This public garden is one of Ireland's most small yet impactful and it was created by the acclaimed Irish horticulturist Jimi Blake. Composed of a terraced garden, long borders, and a valley consisting of a naturally fed mountain stream, this place is thriving with life. Jimi Blake is known for his colorful plant combinations and I was inspired by his use of warm color contrasts. Vibrant pink Astilbe next to bright orange Hemerocallis with Thalictrum flowing over the top had me so interested in the garden space. We had the chance to meet and talk with him about his planting style and how much he enjoys testing the limits of color schemes.
The gardens here are completely inspired by Lady Edith of Londonderry, a progressive suffragette from an aristocratic family who was commander in chief of the Women's Volunteer Reserve in 1914 after the start of WW1. Her informal style mixed with botanical interest birthed the gardens that still thrive today. On this day I had an introduction to the nursery and the formal gardens with Alan the propagator at Mount Stewart. He explained that the spirit of this place was wild collected plants. As we toured the nursery area I saw so many plants from various regions being grown together, all from seed. A main goal for this garden is to continue building gardeners knowledge of exotic plant collections, in order for the plants to be successful. Alan explained that Mount Stewart is unique, in that it has a microclimate in this northern part of Ireland. This allows for salt/moisture to take up air space and positively affect the climate around the property, making it possible to grow as many different species as they do now. The gulf stream, pushed up from the Caribbean, is the creator of this warmer microclimate. Alan explained the perspective of Lady Edith; creating impossible planting schemes with a focus on exoticly collected plants. He also said that the Strangford Lough gives Mt Stewart an almost “island climate” allowing warm air to swoop in from the coastline. I thoroughly enjoyed my experience working with discovering new plants here.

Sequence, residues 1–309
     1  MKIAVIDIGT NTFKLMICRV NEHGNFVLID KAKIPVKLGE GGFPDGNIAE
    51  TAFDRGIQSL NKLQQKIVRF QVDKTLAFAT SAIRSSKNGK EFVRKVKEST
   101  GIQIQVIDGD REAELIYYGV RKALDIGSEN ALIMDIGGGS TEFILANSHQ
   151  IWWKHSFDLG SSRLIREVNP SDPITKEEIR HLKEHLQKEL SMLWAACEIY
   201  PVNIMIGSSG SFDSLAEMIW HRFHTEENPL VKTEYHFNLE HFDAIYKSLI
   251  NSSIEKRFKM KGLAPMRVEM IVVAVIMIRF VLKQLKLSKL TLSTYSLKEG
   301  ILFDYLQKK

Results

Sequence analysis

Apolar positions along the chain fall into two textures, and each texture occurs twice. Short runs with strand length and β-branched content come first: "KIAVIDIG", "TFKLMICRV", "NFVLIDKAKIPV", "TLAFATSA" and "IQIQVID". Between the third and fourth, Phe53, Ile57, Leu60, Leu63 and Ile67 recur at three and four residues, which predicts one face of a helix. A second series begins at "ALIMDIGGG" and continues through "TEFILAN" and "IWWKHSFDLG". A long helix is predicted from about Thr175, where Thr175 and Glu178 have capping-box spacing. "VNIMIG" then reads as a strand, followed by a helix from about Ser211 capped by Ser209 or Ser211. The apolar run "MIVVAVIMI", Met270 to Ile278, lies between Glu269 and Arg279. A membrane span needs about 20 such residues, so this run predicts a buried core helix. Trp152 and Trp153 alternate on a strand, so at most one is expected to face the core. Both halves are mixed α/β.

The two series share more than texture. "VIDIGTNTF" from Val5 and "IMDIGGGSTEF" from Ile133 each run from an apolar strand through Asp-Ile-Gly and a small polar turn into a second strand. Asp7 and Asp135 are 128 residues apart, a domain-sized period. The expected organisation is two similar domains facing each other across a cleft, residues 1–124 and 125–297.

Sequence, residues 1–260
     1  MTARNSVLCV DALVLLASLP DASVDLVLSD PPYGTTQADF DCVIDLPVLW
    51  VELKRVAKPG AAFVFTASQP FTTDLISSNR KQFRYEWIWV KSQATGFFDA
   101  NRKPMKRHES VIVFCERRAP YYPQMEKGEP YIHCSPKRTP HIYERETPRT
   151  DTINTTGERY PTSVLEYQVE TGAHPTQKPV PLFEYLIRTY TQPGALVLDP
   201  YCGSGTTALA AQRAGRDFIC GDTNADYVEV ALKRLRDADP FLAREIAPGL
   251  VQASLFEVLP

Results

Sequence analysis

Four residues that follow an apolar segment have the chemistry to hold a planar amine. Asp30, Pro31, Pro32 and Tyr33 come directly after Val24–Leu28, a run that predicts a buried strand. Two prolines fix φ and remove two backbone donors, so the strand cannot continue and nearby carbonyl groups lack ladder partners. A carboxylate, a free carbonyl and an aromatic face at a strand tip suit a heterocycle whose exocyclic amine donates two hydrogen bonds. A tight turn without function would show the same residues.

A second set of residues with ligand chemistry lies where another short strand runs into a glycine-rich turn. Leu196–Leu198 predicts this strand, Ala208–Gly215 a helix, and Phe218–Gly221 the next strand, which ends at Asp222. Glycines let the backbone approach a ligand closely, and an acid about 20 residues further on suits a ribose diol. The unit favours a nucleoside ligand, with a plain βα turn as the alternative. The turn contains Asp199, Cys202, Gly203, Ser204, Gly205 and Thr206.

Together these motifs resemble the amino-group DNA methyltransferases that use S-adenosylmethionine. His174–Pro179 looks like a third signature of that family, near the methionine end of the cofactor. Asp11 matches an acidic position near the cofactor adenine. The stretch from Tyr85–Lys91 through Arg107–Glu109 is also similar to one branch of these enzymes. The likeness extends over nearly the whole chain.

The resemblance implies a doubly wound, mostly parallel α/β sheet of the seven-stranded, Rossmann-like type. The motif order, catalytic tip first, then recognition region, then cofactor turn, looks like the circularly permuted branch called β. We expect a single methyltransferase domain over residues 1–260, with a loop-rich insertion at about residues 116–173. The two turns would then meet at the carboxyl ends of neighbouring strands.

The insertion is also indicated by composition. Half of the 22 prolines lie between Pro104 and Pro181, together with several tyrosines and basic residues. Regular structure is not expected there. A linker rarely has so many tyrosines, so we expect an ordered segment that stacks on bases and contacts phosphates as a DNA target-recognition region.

This garden was overflowing with life. The old terraces reflect Italian and French styles. There was also a small orangery nestled in the middle of the terrace lay out. Under consistent ownership and changes for almost 400 years, the property has a unique history. The house itself was built around 1200 and started out as a medieval fortress, eventually turned into a horticultural wonder.
I had the chance to work at this landscape garden for a short month. In this time, I met multiple, passionate horticulturists. The house itself was Palladian style (European style of architecture inspired by the Venetian architect Andrea Palladio) with a impressive lay out of large trees, winding paths, a grotto, and the famous Apollo's Temple. The property is centered around a mirror-like lake, that serves as a reflecting pool.
This garden has been a top favorite. The "lost" part of the gardens' title gives it such a mysterious and beautiful storyline. The beginning of the 19th century marked this gardens height but sadly many of the gardeners were called off into WW1. The garden, ancient greenhouses, and old signatures were rediscovered and sparked a passionate team to bring the place back to life. This gardens new perspective and main goal is to tell the story through the eyes of the "ordinary" gardeners instead of through the lords and ladies of the property. We read this story soon after walking through the gardens and I got so inspired by this rejuvenated dream garden. From the photos below, I hoped to capture the newfound life and flora of this beautiful place.
I had found this garden from an online social media account I admire and I knew from one photo I wanted to make it to this gorgeous place one day. Luckily, I got the chance to. The orangery created such a dream-like feel on this bright, sunny UK day. The old architecture mixed with the fresh green plant life was such a beautiful display of art.
This day we visited the Royal Botanic Garden of London; Kew. It was a clear afternoon and there were so many families out, enjoying the flora and company of nature. With this set of photos, I hoped to capture the uniqueness and beauty of various plants within the conservatories and grounds of Kew.
04/21/2018 - 04/26/2018
This trip was quick yet so full of new experiences. I visited for three short days in preparation for a year long fellowship I was employed in during 2018-2019. I was with UK, US, and Japanese horticulture students during the trip. This was my first time on the Asian continent and it was absolutely gorgeous. The way of life, culture, food, buildings, plants, and vibe was all around different and I thoroughly enjoyed it. The cuisine was pure seafood that was fresh and tasteful. The people were overly welcoming and kind to us. The island air was smooth and somewhat calming. The flora was bright and vibrant, with a hint of tropical climate.